Identification of Characteristics of Specific Learning Disabilities as a Critical Component in the Vocational Rehabilitation Process

Article excerpt

This paper discusses an identification process which vocational rehabilitation counselors can use to justify eligibility and determine severe handicap for persons with specific learning disabilities (SLD). Various aspects of identification are presented including definition, eligibility, characteristics, observation, and severe handicap determination. The definition proposed by Rehabilitation Services Administration (1985) and the criteria established in the Diagnostic and Statistical Manual of Mental Disorders - Revised (1987) are explored to determine their implications for the identification process. The common SLD characteristics identified in the definition are discussed in relation to identifying functional limitations, justifying eligibility, and severe handicap determination. A screening device and a more comprehensive behavior checklist, the SLD Characteristic Checklist (Dowdy, 1990), are described. These resources can be used by counselors during the intake interview or completed by parents or other professionals familiar with the client. Suggestions for future research and study are also included.

Vocational Rehabilitation (VR) Services became available to eligible persons with primary disabilities of specific learning disabilities (SLD) in 1981. Since that time learning disabilities has become the fastest growing disability group in the federal agency, Rehabilitation Services Administration (RSA), increasing from 1.3% of the total clients rehabilitated in 1983 to 4.9% of those rehabilitated in 1988 (L.I. Mars, Personal Communication, April 9, 1990; Mars, 1986). According to data from RSA, cases of 29,035 persons with SLD were closed in 1988 and of these 10,733 were closed in status 26, rehabilitated. Cases which were closed and not rehabilitated amounted to 6,176 (21.3%); 11,749 were not accepted after they applied (40.5%) and an additional 377 (1.3%) were not accepted for services after receiving extended evaluation.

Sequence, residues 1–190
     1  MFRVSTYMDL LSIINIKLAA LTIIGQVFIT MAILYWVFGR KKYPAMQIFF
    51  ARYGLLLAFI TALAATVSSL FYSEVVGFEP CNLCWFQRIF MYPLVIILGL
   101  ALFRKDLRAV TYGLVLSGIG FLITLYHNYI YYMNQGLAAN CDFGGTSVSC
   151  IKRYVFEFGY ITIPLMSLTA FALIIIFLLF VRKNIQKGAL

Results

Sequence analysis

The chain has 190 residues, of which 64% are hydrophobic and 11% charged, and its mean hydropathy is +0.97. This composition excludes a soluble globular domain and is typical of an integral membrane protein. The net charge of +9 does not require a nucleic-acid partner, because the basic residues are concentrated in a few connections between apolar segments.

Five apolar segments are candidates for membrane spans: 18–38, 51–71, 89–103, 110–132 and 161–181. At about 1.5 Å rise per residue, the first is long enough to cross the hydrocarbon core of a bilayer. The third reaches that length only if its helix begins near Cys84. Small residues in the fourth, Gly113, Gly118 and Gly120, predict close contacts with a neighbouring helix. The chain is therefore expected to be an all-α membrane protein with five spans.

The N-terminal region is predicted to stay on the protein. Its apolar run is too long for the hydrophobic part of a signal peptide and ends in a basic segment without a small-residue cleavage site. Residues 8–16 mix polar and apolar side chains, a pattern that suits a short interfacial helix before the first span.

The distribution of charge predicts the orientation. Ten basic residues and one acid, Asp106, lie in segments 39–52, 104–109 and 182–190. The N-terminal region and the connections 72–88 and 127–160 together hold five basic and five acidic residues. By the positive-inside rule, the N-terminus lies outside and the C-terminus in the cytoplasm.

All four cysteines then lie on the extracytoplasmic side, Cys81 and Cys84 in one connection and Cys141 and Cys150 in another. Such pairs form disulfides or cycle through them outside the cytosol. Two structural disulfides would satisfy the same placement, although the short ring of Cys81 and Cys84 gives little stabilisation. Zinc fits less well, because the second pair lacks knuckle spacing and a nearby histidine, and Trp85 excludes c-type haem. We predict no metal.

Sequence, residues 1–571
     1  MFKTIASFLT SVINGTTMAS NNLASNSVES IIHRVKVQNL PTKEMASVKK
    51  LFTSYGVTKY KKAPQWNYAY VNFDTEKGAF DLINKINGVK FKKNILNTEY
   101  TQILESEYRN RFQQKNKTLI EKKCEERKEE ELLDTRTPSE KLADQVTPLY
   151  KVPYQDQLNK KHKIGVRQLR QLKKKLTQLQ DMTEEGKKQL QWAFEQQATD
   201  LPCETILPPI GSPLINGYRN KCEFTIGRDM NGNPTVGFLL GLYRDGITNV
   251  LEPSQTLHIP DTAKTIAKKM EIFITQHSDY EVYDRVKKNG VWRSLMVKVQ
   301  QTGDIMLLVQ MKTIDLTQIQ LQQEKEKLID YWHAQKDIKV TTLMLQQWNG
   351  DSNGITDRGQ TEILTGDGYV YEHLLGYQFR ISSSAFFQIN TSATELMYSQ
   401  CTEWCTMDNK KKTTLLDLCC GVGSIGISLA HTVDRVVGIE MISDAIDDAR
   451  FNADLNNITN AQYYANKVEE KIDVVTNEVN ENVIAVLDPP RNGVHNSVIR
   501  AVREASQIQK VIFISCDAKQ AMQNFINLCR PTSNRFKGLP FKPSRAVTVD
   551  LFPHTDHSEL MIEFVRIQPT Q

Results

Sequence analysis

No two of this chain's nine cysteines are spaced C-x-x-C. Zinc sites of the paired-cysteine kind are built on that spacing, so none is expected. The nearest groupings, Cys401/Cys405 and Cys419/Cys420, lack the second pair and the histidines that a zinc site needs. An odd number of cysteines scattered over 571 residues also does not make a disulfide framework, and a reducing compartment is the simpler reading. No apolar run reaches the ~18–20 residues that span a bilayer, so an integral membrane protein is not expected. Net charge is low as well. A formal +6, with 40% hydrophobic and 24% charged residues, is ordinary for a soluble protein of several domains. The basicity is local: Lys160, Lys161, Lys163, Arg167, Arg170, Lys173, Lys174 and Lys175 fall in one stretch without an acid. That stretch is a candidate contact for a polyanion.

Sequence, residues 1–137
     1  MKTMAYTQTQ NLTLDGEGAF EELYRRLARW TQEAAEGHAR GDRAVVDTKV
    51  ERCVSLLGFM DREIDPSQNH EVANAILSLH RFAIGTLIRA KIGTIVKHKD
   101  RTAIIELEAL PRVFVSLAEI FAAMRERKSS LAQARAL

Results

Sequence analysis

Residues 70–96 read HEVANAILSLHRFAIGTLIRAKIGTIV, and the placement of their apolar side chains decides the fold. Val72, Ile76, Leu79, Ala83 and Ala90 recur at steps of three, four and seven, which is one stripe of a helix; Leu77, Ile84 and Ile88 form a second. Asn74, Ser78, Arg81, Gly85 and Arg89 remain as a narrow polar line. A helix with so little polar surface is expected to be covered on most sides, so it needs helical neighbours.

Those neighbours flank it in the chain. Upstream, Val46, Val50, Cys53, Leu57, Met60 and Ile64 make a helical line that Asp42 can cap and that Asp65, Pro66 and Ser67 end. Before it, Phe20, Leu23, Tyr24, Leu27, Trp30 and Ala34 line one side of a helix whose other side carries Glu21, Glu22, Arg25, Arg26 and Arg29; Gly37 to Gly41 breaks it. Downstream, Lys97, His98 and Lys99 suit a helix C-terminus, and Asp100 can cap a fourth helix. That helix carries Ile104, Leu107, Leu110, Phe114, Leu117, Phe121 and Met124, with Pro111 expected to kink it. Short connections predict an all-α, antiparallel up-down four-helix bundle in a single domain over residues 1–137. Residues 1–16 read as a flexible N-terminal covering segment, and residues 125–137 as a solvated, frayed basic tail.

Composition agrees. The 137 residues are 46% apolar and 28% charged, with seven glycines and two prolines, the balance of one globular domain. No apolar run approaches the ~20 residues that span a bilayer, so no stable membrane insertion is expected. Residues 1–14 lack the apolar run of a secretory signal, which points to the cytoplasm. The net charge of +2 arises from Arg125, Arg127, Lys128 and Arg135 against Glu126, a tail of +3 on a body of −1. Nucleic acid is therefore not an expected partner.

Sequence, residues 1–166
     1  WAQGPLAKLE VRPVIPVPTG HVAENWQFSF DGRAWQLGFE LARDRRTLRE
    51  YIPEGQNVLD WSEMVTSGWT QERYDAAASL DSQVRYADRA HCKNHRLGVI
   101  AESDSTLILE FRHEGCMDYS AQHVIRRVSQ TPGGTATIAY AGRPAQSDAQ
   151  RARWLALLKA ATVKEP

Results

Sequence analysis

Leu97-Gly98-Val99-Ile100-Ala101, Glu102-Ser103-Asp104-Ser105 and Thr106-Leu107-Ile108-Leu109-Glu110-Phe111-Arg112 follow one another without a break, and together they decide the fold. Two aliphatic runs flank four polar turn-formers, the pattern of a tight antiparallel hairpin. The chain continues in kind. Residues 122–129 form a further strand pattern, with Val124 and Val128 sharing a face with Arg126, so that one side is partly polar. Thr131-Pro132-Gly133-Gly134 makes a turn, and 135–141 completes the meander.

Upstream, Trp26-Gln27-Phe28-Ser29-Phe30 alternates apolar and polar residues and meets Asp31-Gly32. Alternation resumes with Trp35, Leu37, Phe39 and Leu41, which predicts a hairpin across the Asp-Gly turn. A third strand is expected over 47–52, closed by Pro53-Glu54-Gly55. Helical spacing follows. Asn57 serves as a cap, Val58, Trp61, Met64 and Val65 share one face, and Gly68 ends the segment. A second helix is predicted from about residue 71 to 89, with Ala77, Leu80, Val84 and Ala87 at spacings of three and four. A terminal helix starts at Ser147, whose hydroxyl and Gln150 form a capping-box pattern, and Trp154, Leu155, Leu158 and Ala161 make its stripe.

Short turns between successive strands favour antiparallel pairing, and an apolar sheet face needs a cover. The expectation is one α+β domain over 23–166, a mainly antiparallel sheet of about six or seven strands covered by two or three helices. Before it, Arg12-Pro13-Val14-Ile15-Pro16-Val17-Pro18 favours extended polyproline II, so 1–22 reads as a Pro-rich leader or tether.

A total of 63.1% of those who applied either failed to be accepted as a client or were not effectively rehabilitated. Although this data is similar to all VR applicants and clients, the percentage of persons with specific learning disabilities served by VR is significantly smaller than those receiving special education services. The 12th Annual Report to Congress (U.S. Dept of Ed., 1990) stated that in 1988-89, 47.7% of the handicapped students receiving special education services were learning disabled (LD). While all special education students with LD are not expected to become VR clients, the implementation of improved techniques for identification of the functional limitations of persons with specific learning disabilities could significantly effect the quantity and effectiveness of VR services to this population. This article will address identification procedures which VR counselors may use to improve services for persons with a learning disability.

Identification Variables

The process for identification of specific learning disabilities and the associated functional capacities and limitations is determined by several variables. Following is a discussion of the significant variables including the SLD definition, eligibility factors, characteristics of SLD, assessment, and determination of severe handicap.


A definition of any disability provides parameters for discussing the condition and should offer a basis for the identification process. While many definitions of LD have been suggested, it seems prudent to study the operational definition distributed to the State Vocational Rehabilitation Agencies by the Rehabilitation Services Administration in the RSA Program Policy Directive, RSA-PPD-85-7/ dated March 5, 1985.

A specific learning disability is a disorder in one or more of the central nervous system processes involved in perceiving, understanding, and/or using concepts through verbal (spoken or written) language or nonverbal means. …